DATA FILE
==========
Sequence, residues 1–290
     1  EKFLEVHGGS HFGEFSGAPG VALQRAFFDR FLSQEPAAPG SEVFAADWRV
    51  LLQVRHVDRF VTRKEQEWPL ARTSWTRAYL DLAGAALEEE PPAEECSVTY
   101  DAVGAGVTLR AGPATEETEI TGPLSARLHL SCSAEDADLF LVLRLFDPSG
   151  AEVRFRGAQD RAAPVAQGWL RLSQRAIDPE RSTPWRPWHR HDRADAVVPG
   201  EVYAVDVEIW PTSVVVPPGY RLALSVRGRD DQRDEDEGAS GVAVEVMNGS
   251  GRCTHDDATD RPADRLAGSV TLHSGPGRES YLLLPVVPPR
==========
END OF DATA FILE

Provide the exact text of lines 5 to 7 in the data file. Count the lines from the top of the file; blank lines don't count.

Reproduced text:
   151  AEVRFRGAQD RAAPVAQGWL RLSQRAIDPE RSTPWRPWHR HDRADAVVPG
   201  EVYAVDVEIW PTSVVVPPGY RLALSVRGRD DQRDEDEGAS GVAVEVMNGS
   251  GRCTHDDATD RPADRLAGSV TLHSGPGRES YLLLPVVPPR